Wimbledon: Nick Kyrgios speaks after beating Brandon Nakashima
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BBC commentator Todd Woodbridge has warned Nick Kyrgios that he may receive “a letter in his locker” after wearing a red cap and shoes during his Wimbledon fourth-round victory over Brandon Nakashima. The Australian may have broken dress code rules as the All England Club rules stipulate that only pure white must be worn and that off-white or cream is not even permitted.
Additionally, players’ shoes must be white with no large brand logos and any undergarments must also be white. However, Kyrgios put on his red shoes and cap after defeating the American 6-4 4-6 6-7 6-3 2-6. Woodbridge believes that he could be warned for breaking dress code rules.
Sue Barker posed the question to Woodbridge and Tim Henman. “Yeah that is going to be an interesting one,” Henman said, before Woodbridge added: “Do you think he will get a letter in his locker?”
Henman joked in his reply: “He might get a little quiet word in his ear, he was so well-behaved, no warnings, no fines, we have got to make some money somewhere! Maybe it is the cap and the shoes.
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“I think all credit to him, this is a match where he came in as the favourite, there was much more pressure on him. It is a great opportunity, of course he is aware of where he is in the draw and how things are opening up so I am a fan of the way he has been playing. When he goes out there and is serving like this, was it 35 aces in the end? It is a great opportunity and it is a great story that’s building momentum.”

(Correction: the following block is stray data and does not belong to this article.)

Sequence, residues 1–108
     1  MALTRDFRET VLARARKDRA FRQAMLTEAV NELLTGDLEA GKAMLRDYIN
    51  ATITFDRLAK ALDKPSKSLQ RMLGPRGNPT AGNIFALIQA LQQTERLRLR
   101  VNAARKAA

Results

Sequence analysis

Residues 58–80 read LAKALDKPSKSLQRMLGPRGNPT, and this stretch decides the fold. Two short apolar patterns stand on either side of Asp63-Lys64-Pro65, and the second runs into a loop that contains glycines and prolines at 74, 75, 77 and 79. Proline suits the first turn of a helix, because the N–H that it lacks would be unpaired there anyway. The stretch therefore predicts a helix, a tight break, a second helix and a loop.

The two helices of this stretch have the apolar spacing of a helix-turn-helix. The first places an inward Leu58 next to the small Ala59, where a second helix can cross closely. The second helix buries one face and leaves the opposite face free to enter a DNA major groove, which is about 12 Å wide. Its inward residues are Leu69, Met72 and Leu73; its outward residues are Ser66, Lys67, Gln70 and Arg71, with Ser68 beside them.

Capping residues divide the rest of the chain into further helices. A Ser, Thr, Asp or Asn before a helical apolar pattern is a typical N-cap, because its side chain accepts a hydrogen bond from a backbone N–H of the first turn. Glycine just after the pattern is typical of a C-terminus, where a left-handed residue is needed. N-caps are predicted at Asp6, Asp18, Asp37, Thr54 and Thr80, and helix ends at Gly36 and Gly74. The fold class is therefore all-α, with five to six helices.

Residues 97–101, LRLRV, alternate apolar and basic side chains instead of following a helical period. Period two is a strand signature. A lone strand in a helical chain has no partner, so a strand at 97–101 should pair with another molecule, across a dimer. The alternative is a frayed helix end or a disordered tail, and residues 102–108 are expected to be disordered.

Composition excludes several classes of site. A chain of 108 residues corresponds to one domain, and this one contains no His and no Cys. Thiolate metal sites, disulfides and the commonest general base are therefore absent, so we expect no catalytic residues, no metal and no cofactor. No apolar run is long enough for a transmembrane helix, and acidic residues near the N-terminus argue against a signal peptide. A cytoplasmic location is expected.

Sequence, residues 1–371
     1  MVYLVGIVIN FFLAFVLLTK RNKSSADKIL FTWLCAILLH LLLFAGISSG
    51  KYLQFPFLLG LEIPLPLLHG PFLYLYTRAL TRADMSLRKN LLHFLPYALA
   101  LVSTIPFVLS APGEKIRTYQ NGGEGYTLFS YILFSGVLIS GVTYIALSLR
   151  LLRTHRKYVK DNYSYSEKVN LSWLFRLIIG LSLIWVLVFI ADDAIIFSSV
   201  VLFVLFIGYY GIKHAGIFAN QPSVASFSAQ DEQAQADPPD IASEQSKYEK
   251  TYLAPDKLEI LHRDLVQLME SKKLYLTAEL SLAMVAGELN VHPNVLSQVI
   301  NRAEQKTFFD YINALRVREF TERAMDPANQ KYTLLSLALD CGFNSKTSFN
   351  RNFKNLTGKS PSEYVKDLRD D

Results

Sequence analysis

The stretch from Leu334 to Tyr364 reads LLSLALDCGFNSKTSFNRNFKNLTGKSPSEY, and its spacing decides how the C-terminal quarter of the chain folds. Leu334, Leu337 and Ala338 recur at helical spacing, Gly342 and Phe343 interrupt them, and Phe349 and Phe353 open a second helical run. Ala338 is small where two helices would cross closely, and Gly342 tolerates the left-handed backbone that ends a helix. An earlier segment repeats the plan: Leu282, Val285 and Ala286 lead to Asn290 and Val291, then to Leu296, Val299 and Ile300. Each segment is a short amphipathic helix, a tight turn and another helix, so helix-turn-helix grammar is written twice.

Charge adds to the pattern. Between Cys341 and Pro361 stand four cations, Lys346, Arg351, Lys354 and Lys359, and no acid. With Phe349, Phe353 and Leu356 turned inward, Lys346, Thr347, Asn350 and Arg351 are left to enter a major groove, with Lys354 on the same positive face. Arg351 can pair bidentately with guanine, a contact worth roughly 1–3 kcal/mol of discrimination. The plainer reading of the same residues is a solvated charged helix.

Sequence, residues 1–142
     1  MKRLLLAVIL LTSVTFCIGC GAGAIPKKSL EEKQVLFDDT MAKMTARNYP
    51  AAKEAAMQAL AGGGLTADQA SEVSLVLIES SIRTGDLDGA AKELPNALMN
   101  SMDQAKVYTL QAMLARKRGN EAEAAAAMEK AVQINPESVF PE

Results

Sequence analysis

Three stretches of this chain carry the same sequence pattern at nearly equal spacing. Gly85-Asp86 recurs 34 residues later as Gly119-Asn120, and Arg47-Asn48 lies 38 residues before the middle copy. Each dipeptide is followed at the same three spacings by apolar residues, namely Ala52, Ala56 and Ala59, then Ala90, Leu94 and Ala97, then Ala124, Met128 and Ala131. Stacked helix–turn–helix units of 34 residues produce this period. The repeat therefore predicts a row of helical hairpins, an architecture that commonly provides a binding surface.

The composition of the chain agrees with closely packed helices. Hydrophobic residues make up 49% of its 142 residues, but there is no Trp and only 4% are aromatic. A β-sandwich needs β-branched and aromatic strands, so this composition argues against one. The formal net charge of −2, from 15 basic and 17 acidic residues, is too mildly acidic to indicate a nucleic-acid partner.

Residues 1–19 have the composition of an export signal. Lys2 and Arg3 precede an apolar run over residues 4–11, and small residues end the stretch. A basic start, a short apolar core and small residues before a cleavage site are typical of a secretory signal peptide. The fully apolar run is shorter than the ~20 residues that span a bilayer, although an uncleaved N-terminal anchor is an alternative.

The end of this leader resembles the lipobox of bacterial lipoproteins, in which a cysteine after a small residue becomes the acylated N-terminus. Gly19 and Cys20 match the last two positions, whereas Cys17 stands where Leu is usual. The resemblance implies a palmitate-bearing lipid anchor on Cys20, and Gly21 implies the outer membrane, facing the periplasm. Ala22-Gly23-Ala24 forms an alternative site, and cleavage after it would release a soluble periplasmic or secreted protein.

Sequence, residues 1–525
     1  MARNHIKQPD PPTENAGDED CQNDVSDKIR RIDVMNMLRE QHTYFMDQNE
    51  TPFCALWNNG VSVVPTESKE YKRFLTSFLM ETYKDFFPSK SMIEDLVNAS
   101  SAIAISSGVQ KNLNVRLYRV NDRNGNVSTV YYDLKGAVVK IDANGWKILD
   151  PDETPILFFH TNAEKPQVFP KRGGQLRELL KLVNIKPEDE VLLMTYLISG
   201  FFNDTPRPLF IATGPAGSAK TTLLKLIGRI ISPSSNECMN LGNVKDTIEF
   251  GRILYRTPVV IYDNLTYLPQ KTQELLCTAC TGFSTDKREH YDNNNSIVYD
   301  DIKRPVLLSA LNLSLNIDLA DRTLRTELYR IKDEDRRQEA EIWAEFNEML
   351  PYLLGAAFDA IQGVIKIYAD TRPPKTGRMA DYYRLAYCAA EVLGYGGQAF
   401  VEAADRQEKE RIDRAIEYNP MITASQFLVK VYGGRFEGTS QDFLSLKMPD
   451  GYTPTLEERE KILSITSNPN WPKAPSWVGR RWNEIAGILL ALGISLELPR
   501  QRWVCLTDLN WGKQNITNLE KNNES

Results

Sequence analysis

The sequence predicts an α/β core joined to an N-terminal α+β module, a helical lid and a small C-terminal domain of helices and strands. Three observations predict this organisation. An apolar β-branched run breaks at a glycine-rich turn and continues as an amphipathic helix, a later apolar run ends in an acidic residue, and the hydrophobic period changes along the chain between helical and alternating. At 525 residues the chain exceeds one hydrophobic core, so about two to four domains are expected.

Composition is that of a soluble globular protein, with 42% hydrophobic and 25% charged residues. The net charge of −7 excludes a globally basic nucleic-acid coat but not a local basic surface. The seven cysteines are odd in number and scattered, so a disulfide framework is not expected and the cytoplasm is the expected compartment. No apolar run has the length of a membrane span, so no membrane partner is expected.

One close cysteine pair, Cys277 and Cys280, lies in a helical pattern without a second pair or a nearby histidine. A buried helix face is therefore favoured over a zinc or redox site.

Barker added that Kyrgios did not sign any autographs and wore red, and there currently has been no comment from Wimbledon as to whether he will receive any punishment for wearing red as he left the court.
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The Australian has been fined twice throughout the tournament, £8,200 after his first-round match with Brit Paul Jubb and £3,300 after his third-round win over Stefanos Tsitsipas.
Woodbridge was impressed with how Kyrgios battled hard to defeat Nakashima. “When he more or less gave his service game away at the end of the fourth I got really concerned,” Woodbridge said. “Not going to serve in the fifth, he had given away the advantage.
“We spoke about grinding and how important it is to be able to grind out a couple of points, and at the beginning of the fifth that was when he really stood up, he worked hard, chased a lot of balls around the court and you think ‘OK he is engaged again, he is switched on’ and moving forward to go deeper in the tournament, that was the best sign I saw from him.”
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